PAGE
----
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Mol Cell Biol. 1994 Aug;14(8):5501-9.

Inhibition of proteolysis and cell cycle progression in a multiubiquitination-deficient yeast mutant.

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  • 1Department of Cell Biology, Harvard Medical School, Boston, Massachusetts 02115.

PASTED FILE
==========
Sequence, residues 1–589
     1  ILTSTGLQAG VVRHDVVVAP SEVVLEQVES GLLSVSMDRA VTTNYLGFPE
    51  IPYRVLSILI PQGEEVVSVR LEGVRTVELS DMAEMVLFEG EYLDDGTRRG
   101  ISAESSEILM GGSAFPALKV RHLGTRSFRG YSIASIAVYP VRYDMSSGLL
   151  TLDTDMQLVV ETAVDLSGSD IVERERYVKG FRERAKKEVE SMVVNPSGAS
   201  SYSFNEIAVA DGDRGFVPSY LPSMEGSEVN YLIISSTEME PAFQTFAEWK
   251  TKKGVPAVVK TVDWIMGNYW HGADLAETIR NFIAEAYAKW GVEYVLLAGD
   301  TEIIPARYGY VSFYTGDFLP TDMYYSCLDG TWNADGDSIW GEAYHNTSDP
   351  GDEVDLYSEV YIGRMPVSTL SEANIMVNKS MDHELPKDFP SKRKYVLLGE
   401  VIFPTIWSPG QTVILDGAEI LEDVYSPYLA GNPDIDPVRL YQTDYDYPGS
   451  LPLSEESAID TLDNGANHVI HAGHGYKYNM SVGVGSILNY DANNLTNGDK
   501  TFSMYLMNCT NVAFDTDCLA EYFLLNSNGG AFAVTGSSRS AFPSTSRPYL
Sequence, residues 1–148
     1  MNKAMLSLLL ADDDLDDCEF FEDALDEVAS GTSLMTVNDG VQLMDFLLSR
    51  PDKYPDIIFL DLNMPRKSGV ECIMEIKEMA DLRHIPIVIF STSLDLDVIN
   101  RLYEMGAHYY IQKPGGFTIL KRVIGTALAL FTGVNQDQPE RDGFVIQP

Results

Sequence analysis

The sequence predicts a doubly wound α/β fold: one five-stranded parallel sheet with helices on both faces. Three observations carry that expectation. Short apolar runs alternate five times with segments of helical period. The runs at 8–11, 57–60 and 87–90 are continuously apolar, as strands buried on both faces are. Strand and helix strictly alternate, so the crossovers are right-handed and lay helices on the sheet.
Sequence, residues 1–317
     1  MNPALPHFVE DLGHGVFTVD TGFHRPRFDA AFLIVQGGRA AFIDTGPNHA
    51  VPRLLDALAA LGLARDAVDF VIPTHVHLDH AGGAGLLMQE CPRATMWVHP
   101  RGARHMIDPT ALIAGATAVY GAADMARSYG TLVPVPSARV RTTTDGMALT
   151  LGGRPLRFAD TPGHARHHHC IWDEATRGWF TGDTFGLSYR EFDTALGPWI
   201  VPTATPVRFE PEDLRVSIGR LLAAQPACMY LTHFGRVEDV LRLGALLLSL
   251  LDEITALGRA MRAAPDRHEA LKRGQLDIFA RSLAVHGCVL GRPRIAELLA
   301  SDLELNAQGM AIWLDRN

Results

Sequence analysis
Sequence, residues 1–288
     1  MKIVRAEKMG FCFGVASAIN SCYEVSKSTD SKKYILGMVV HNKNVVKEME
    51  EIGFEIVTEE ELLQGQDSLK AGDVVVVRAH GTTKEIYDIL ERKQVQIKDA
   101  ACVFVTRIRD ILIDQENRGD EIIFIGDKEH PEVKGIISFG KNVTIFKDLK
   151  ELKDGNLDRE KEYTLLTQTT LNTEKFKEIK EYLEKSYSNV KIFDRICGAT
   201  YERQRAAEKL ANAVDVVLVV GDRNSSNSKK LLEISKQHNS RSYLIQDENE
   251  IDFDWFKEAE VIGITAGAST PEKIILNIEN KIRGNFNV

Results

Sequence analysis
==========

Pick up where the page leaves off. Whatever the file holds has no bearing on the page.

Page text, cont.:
The degradation of many proteins requires their prior attachment to ubiquitin. Proteolytic substrates are characteristically multiubiquitinated through the formation of ubiquitin-ubiquitin linkages. Lys-48 of ubiquitin can serve as a linkage site in the formation of such chains and is required for the degradation of some substrates of this pathway in vitro. We have characterized the recessive and dominant effects of a Lys-48-to-Arg mutant of ubiquitin (UbK48R) in Saccharomyces cerevisiae. Although UbK48R is expected to terminate the growth of Lys-48 multiubiquitin chains and thus to exert a dominant negative effect on protein turnover, overproduction of UbK48R in wild-type cells results in only a weak inhibition of protein turnover, apparently because the mutant ubiquitin can be removed from multiubiquitin chains. Surprisingly, expression of UbK48R complements several phenotypes of polyubiquitin gene (UB14) deletion mutants. However, UbK48R cannot serve as a sole source of ubiquitin in S. cerevisiae, as evidenced by its inability to rescue the growth of ubi1 ubi2 ubi3 ubi4 quadruple mutants. When provided solely with UbK48R, cells undergo cell cycle arrest with a terminal phenotype characterized by replicated DNA, mitotic spindles, and two-lobed nuclei. Under these conditions, degradation of amino acid analog-containing proteins is severely inhibited. Thus, multiubiquitin chains containing Lys-48 linkages play a critical role in protein degradation in vivo.

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